Many miRNAs are de-regulated in primary human tumors18-19. Many human miRNAs are located at genomic regions linked to cancer19. Of particular interest is the mir-17 miRNA cluster, which is in a region on human chromosome 13 that is frequently amplified in B-cell lymphomas18. Another potential link between miRNAs and human disease comes from the identification of an essential cofactor for the miRNA biogenesis enzyme Drosha. This cofactor is encoded by DGCR8, which maps to chromosomal region 22q11.2 which is commonly deleted in DiGeorge Syndrom20.
In case of leukemia, the case of miRNA involvement is more suggestive. A majority of DNA alterations occur in regions on chromosome 13 that are associated with mantel cell lymphoma and B cell chronic lymphocytic leukemia21. The miR-15a, miR-16 cluster resides in this region, which is now limited to about 30 kb, and lies between exon 2 and 5 of the LEU2 gene. LEU2 has been excluded as the tumor suppressor gene21. Further, miR-15 and miR-16 are frequently down regulated or deleted in CLL which both miRNA genes are acting as tumor suppressor genes will surface.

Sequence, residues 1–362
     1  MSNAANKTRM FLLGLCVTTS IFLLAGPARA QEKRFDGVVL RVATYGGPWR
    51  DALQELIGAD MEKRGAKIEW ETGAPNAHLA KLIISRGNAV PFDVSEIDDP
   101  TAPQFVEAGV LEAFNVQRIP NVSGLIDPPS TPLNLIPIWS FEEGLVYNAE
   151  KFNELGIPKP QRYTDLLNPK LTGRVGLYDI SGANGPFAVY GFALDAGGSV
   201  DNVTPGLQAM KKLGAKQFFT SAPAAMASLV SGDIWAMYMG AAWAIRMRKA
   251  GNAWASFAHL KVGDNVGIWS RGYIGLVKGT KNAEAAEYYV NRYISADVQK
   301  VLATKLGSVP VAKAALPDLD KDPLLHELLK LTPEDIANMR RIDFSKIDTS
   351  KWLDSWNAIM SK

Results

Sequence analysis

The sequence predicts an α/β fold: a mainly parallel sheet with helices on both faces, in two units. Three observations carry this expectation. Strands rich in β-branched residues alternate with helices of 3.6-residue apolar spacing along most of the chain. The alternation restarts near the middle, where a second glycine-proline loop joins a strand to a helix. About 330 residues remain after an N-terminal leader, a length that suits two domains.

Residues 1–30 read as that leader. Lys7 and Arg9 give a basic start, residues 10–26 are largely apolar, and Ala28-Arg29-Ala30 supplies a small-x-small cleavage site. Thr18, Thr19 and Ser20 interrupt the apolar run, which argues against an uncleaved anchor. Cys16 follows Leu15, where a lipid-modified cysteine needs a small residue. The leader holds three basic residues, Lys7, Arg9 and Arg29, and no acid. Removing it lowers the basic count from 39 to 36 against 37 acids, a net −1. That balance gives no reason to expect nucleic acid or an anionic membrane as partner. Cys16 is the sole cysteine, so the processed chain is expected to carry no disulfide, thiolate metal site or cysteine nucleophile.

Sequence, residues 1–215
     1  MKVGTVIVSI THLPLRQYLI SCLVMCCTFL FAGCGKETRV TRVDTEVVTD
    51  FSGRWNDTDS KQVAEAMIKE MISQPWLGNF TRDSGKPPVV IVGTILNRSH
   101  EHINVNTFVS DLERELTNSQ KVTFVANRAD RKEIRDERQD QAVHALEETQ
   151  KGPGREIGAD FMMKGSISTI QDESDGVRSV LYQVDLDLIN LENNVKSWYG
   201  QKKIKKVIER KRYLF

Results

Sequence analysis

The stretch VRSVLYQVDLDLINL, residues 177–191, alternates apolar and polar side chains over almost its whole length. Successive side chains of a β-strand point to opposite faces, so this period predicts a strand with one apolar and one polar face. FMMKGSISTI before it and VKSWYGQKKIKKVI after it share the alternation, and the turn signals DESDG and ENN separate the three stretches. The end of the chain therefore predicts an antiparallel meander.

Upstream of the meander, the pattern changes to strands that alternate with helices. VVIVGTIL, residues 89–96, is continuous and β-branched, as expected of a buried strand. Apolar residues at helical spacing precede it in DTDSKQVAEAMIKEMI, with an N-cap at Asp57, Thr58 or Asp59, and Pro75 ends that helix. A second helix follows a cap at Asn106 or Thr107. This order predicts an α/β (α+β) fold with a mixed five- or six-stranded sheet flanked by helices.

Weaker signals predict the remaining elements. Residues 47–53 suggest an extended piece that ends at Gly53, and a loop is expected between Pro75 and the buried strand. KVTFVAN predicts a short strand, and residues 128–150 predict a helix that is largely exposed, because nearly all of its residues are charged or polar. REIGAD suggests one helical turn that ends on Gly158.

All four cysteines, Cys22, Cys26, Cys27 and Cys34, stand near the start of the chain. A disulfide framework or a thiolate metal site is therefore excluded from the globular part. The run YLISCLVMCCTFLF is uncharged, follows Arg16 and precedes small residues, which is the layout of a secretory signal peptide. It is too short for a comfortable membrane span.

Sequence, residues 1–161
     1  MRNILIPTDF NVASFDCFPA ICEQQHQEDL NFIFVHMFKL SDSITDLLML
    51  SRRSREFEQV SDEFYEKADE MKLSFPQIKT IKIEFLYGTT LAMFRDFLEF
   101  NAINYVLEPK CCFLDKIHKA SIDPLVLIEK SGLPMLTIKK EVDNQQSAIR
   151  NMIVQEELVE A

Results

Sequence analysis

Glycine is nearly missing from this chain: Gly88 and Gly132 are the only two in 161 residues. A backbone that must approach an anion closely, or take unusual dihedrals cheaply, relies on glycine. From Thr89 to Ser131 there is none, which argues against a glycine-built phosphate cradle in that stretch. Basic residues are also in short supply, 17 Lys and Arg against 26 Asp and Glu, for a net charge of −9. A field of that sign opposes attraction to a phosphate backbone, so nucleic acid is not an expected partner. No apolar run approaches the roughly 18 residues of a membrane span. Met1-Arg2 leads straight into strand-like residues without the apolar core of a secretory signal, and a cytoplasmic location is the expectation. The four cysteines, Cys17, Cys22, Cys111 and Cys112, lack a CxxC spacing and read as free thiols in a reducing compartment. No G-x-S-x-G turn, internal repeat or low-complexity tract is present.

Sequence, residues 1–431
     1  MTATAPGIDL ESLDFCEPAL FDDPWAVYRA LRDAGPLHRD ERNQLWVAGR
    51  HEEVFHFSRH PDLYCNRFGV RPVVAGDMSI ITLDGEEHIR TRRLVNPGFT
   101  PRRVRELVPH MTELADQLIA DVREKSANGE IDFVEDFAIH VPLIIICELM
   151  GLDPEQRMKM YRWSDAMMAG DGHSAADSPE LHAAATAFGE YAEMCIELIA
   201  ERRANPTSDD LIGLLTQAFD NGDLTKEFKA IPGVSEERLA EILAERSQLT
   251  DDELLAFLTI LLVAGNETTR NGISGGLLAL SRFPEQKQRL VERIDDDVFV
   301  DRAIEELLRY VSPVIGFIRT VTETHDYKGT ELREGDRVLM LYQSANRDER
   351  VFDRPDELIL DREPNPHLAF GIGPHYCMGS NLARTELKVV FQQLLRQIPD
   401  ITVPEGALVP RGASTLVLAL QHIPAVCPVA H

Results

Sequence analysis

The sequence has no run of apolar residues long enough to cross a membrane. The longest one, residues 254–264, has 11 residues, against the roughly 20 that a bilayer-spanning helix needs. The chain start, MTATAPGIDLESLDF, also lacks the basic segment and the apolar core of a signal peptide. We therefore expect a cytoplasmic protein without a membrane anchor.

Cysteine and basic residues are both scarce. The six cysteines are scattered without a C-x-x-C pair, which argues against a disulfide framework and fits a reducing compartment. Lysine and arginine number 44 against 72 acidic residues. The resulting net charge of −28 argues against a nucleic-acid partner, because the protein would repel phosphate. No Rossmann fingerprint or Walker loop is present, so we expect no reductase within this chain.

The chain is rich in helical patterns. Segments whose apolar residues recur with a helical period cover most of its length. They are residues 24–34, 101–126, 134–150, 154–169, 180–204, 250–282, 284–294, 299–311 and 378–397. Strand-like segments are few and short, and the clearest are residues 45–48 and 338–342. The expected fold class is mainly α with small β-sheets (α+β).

Cell Proliferation and Organ Development
Many miRNAs have intriguing tissue specific or developmental stage specific expression, suggesting they are involved in developmental processes. Organ specific miRNAs have been identified in lung, spleen, liver, heart, and kidney22 - 23, suggesting that miRNAs and found that miR-427 is expressed transiently after mid-blastula transition24. Further, 17 of 24 miRNAs are detected at specific genes of development, and are continuously expressed until tadpole stage.